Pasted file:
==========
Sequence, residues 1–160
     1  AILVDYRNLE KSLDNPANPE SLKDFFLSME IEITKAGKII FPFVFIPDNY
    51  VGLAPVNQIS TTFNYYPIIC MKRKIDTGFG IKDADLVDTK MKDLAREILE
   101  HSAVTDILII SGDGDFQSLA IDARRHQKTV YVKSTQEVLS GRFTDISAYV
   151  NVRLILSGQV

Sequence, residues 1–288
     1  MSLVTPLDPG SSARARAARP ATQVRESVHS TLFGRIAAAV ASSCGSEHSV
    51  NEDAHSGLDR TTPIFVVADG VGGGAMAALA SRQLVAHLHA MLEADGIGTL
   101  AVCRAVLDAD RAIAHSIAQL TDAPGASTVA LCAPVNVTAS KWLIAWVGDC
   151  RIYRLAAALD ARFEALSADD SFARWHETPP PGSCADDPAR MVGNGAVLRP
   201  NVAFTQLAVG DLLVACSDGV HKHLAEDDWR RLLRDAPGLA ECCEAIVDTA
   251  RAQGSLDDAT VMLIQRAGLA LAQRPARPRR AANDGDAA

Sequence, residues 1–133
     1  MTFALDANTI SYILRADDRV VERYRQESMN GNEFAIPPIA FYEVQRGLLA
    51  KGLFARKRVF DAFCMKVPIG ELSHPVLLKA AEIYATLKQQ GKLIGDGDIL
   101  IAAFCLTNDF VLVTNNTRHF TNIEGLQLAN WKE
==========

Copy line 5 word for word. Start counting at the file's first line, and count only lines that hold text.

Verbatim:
   151  NVRLILSGQV